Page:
The UK Independence Party - once described as an insurgent party but which grew exponentially in recent years with its exit-EU slogan - on Friday elected Diane James as its first woman chief to replace outgoing leader Nigel Farage.
UKIP’s rise was a major factor in former prime minister David Cameron announcing and holding the June 23 referendum on Britain’s membership of the EU. It polled the third highest number of votes in the 2015 general election after the Conservative and Labour parties.
James, 56, was regarded the favourite to succeed Farage, who was one of the leading campaigners for Brexit before the referendum. A Member of the European Parliament from southeast England, James is a former businesswoman and the party's home affairs spokeswoman.
Noting the ripples the party has generated in British politics in recent years and its key plank, Farage said in his last speech as leader at the party conference in Bournemouth that he had given it all he had, and now wanted his life back.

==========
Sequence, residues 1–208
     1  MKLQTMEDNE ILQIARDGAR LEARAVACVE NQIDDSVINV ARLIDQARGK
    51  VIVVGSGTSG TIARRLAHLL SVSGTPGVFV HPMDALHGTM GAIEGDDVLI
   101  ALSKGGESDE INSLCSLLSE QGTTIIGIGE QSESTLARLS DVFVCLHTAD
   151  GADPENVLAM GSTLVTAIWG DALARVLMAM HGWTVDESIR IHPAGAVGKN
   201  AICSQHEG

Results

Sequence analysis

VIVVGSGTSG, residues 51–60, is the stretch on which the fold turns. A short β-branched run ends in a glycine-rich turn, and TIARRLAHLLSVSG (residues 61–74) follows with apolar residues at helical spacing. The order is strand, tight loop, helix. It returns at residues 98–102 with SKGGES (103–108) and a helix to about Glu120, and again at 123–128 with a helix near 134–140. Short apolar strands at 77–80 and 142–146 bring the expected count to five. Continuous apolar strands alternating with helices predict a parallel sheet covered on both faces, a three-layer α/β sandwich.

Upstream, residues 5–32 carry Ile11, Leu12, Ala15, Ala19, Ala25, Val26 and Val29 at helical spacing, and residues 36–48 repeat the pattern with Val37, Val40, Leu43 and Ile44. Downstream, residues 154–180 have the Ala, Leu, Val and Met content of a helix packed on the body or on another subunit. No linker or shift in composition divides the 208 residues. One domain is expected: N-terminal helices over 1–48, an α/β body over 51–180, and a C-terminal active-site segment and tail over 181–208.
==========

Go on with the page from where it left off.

Holding up a copy of the European passport held by British people, Farage said: "The only time we'll know Brexit means Brexit is when that has been put in the bin and we get a British passport." He warned Prime Minister Theresa May that she must pass three tests to make sure “Brexit means Brexit” - regaining control of fishing rights, getting out of the single market and returning to the old British passport.
James overcame four contenders: Bill Etheridge, Lisa Duffy, Liz Jones and Phillip Broughton. However, observers said the UKIP will struggle for relevance after the Brexit vote and the departure of Farage. James will also have to contend with infighting.
She said she was “truly honoured” to “take it on from Nigel”, and added: “Project Fear tactics have had their days and we are going to ensure they never rise from the political ashes ever again.”